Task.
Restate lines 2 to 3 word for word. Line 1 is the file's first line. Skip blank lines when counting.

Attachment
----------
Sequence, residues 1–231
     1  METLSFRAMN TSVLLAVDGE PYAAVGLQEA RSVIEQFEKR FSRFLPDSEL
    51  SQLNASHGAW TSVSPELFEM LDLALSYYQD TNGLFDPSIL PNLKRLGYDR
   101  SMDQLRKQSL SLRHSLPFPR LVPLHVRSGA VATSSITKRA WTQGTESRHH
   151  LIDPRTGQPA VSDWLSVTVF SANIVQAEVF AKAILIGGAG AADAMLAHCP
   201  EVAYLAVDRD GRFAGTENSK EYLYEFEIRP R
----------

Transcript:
     1  METLSFRAMN TSVLLAVDGE PYAAVGLQEA RSVIEQFEKR FSRFLPDSEL
    51  SQLNASHGAW TSVSPELFEM LDLALSYYQD TNGLFDPSIL PNLKRLGYDR